March 2016

Meeting the Challenge

By Matt Gray

C26_Feature_360_Williamslimate Change: Science and Politics, one of Bryn Mawr’s latest 360° offerings, held a particularly compelling, and particularly personal, attraction for Chanel Williams ’16.

The Growth and Structure of Cities major hails from the Bahamas, and few nations have as much to lose to climate change as does that tropical paradise. With estimates as high as 80 percent of the land being at risk due to rising sea levels, the Bahamas might literally cease to exist if global temperatures continue to rise.

“Climate change is not just some amorphous topic in the Bahamas,” says Williams. “If the world doesn’t commit to slowing down the rate of change taking place, some of these places will disappear, perhaps within my lifetime.”

So when faculty members Don Barber (geology), Robert Dostal (philosophy), and Carol Hager (political science) teamed up to offer the Climate Change 360°, Williams signed on.

First offered in the 2010-11 academic year, Bryn Mawr’s 360° program offers students a unique opportunity to participate in a cluster of multiple courses in a single semester or academic year to focus on complex problems and themes in an interdisciplinary manner.

For her project in Barber’s Energy Resources and Sustainability unit, Williams decided to compare the benefits of setting up offshore wind turbines in her home islands to the benefits of a similar setup on an East Coast island in the United States.

The challenge was finding someplace with a comparable population. “I looked at Long Island, but that’s like a million people, and the Bahamas population is only about 360,000,” says Williams. “To do the comparison, I needed someplace where the numbers were relatively close.”

However, there was one New York island that fit the bill with about 460,000 residents—Staten Island. Williams looked at a number of factors and was surprised to discover that the turbines could be more productive as alternative sources of electricity for the borough than they’d be in the Bahamas.

Reasons for the lower generating potential in the Bahamas include lower average wind speed and reduced air density. In other words, the famously gentle, humid, and warm Bahamian breezes detract from wind-power electricity production.

The distances between Bahamian island population centers also complicate the delivery of electricity from large isolated wind turbines. In contrast, the existing infrastructure of densely populated Staten Island could link to offshore wind power with relative ease.

Although Williams’ feasibility analysis addressed wind power, she notes that distributed electricity from residential solar photovoltaic installations could help supply some of the Bahamas’ electricity, and solar PV would not be as vulnerable to hurricanes as offshore turbines.

For Hager’s unit Global Politics of Climate Change, which was also part of the 360°, Williams again focused on the Bahamas. For this political science course, she compared the Bahamian government plan to derive 30 percent of its energy from renewable sources to the efforts in the developing African island-nation of Mauritius, which has already hit the 20 percent mark.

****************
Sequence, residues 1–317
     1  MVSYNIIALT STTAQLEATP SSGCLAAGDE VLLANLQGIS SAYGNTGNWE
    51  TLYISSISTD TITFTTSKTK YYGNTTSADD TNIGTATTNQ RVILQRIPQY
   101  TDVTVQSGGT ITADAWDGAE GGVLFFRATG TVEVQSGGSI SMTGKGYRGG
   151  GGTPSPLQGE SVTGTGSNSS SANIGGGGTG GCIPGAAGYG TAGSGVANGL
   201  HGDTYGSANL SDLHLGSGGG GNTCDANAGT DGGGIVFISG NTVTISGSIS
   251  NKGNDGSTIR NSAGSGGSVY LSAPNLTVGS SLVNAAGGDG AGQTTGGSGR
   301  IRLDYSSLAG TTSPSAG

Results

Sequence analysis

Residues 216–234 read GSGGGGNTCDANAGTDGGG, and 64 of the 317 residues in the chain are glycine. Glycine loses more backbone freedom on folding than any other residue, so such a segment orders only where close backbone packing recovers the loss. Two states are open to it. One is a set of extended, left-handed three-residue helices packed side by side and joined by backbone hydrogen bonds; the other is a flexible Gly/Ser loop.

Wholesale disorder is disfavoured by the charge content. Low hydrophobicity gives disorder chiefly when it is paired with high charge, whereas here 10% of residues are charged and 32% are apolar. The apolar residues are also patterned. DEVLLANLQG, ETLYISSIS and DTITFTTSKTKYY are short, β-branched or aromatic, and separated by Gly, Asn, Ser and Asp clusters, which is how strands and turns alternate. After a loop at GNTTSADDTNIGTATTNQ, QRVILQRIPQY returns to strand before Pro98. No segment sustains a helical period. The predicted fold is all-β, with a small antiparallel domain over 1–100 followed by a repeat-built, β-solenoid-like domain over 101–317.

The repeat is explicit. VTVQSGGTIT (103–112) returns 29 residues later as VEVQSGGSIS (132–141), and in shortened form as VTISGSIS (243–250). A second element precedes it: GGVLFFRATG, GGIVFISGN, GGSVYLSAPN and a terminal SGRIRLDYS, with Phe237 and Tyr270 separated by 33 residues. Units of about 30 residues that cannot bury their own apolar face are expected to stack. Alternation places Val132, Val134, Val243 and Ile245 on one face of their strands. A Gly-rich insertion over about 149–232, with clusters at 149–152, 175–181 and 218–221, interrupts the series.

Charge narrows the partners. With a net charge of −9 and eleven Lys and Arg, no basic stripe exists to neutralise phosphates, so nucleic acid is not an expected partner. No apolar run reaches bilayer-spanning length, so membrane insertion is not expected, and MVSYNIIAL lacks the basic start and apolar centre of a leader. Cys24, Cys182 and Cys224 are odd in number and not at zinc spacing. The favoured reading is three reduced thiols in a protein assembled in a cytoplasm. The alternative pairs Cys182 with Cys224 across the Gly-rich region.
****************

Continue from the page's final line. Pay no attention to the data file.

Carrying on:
“Right now, the Bahamas is still almost entirely reliant on fossil fuels,” says Williams. “The question is, why has this less-developed African nation been able to make so much more progress in terms of renewable energy? And it turns out that what it comes down to is not technology or resources but policy.”

And as part of the 360°, Williams and 14 other students joined Barber, Dostal, and Hager for a Fall Break trip in and around Freiburg, a German university town known for its progressive environmental policies and innovations.

In a region where solar panels are the norm, students visited one community that gets more than the electricity it needs from renewables and they toured an international soccer stadium, fueled by solar energy.

Williams is looking into options for graduate school and is interested in studying how cities rebuild after disasters, including those caused by climate change.

“Climate change is the pressing issue for mygeneration,” says Williams. “Hopefully we’ll be remembered as having met the challenge.

BMC students visited Freiburg, Germany, to get a close-up look at a model of sustainability, with an extensive network of bicycle routes, a robust car-sharing program and tram system, and solar panels everywhere. Photographs by Lauryn Ishak.

BMC students visited Freiburg, Germany, to get a close-up look at a model of sustainability, with an extensive network of bicycle routes, a robust car-sharing program and tram system, and solar panels everywhere. Photographs by Lauryn Ishak.

More 360°s

Given the urgency surrounding the issue of climate change, it should come as little surprise that nearly every semester has seen a 360° cluster dealing with the topic. Among those offerings were Perspectives on Sustainability (bringing together education, growth and structure of cities, and mathematics); Renewable Energy (chemistry and geology); Transforming the Legacy of Oil (economics, cities, and history); China and the Environment (East Asian studies, economics, and philosophy); Perspectives on Sustainability: Disasters and Rebuilding in Japan (cities and Swarthmore’s Japanese and art history programs); and Temperate and Tropical Coasts in Transition (biology and geology).

“360°s allow students and faculty to grapple with complex societal issues from multiple perspectives,” says geology’s Barber. “In this latest 360°, we saw that the potential technological and political responses to global climate change are as diverse and multifaceted as the problem itself. While no one-size-fits-all solution exists, sustained dialogue across boundaries offers a way forward.”

 

 

 

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